Luna's colleagues, friends and family, still reeling yesterday from thenews of his brutal killing, said they could think of no reason why anyonewould want Luna harmed unless it was somehow connected to his work sendingsometimes violent criminals to prison.
"The violent nature of his death is in direct contradiction to the verynature of his soul and his character," said Reggie Shuford, a staff attorneywith the American Civil Liberties Union's national office in New York, whoroomed with Luna while the two men were in law school at the University ofNorth Carolina in Chapel Hill.
Shuford remembered Luna as a dedicated runner who had completed severalmarathons, but also a gracious host who loved to cook big dinners and invitefriends over to watch sports.
"He just had a special knack for making people feel important and special,"Shuford said. "He always had a ready smile."
Former Maryland U.S. Attorney Lynne A. Battaglia, who hired Luna as anassistant prosecutor in 1999, said yesterday that she still could recall beingstruck by his enthusiasm and energy from the moment he walked into her officefor the job interview.
"Oh, I remember him walking in the room - because he had a vibrancy, and anexcitement, and a real desire to be a federal prosecutor," said Battaglia, nowa Maryland Court of Appeals judge.
"He brought an excitement and an idealism to the table, and I just rememberthat."
A New York native, Luna was raised poor in the South Bronx but worked hardto make a better life for himself and his family, his parents said yesterdayin an interview at their apartment in Columbia, Howard County, where theymoved a few years ago with the financial help of their son.
College in N.Y., N.C.
Paul D. Luna, 83, and his wife, Rosezella Luna, 72, said their son workedhis way through college and lived at home while earning an undergraduatedegree at Fordham University in New York.
He went on to law school in North Carolina, graduating in 1992 as thepresident of his class.
Luna briefly recounted his personal history in a 1991 letter to the NewYork Times, defending his childhood neighborhood - the Mott Haven section ofthe Bronx - after a critical article in the paper.
"You and your readers should know that there are decent hard-working peoplelike my parents who are struggling every day to make a life for themselves andtheir families in Mott Haven," Luna wrote.
"My dad struggled in the restaurant business, while my mom stayed at hometo raise my brother and me. Despite all the obstacles they had to contendwith, I managed to make my way to Fordham University and the University ofNorth Carolina School of Law."
Shuford and another law school classmate, Jonathan Broun, both recountedyesterday how Luna abruptly quit his classes during his first year at lawschool to help care for his father after Paul Luna was diagnosed with cancer.He returned the next year, when his father's health was better.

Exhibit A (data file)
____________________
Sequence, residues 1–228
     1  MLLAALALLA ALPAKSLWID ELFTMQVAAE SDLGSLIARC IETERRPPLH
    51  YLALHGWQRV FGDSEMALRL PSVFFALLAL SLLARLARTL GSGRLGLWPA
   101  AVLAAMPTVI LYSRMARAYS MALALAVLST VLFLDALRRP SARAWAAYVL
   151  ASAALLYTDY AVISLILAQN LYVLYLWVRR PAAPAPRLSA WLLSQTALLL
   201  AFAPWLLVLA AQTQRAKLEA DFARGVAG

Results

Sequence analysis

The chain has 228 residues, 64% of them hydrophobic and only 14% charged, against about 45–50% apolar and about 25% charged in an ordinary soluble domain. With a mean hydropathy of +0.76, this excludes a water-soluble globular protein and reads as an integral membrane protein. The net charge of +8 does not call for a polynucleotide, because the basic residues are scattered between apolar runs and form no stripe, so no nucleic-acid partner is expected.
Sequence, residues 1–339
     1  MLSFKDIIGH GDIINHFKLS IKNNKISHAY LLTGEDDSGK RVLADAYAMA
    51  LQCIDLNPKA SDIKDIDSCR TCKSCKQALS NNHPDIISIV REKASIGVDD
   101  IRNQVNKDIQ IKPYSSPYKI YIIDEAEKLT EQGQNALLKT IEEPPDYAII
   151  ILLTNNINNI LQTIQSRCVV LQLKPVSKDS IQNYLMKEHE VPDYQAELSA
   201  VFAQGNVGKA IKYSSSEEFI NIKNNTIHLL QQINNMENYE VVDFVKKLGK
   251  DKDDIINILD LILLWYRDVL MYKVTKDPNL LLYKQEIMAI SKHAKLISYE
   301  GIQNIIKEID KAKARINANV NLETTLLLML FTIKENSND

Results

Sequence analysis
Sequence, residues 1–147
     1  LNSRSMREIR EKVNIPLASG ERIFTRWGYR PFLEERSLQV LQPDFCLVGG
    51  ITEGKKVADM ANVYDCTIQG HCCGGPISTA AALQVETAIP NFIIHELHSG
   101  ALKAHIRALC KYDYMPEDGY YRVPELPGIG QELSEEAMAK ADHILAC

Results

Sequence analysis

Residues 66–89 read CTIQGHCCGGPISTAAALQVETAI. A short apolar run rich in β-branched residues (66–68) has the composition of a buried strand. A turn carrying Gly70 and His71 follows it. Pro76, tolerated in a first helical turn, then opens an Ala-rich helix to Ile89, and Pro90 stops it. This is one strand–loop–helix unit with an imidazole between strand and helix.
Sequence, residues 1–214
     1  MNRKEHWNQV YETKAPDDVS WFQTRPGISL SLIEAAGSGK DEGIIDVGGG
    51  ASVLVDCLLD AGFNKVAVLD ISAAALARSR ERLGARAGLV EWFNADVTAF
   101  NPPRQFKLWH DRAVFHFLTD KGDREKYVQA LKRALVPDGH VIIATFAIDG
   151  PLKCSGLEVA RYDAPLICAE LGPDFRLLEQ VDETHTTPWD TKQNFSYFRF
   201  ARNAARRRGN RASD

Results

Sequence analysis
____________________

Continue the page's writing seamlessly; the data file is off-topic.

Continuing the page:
Broun said he visited Luna in New York during the summer when he was awaycaring for his father, and the two watched the New York Yankees - Luna'sfavorite - play the Boston Red Sox.
"He showed me around New York, and we went to a Yankees baseball game,"Broun said. "I remember that Dave Henderson threw a ball into the stands andJonathan caught it, but he gave it to me. It would be something he would do.He was generous."
Luna's father grew up in the Philippines but has not returned to hishomeland in nearly six decades, since he left with the U.S. Merchant Marine atthe end of World War II, arriving in the United States in May 1945.
Luna was planning a father-son trip there for early next year, and he hadaccumulated frequent flier miles to make it happen.
As he prepared for trial last month in the Stash House Records case, Lunahad told defense attorney Arcangelo M. Tuminelli about the planned trip.
It was a story that the lawyer said reflected Luna's character: "He was avery decent person," Tuminelli said.
In the courtroom this week, Luna had sought to win convictions against thetwo defendants on drug conspiracy charges and, in typical fashion, appearedbefore the jury each day in a neatly tailored suit and wearing a bright smile.
Behind the scenes, though, the case was facing some problems.
The government's key witness was an ex-convict named Warren Grace, who hadpurchased heroin undercover from the two defendants while working as an FBIinformant - but who also had escaped his electronic home-monitoring systemduring that period and had been discovered with heroin in his Ford Excursion.
Fined $25 for lateness
Luna also was chastised for arriving late to court Wednesday morning afterhe had spent the night at the hospital with his sick infant son. In a raremove, U.S. District Judge William D. Quarles Jr. fined Luna $25 for histardiness, according to sources familiar with the case. Quarles declined tocomment on the incident yesterday.
By the end of the work day Wednesday, the two sides in the case werehammering out a plea deal on lesser charges of heroin distribution.
The guilty pleas were expected at a hearing Thursday. Luna told a reporterto be sure to come to court in the morning on time.
Sun staff writers Gus G. Sentementes, Laurie Willis, Lynn Anderson,Reginald Fields and Stephanie Desmon contributed to this article.Copyright © 2014, Los Angeles Times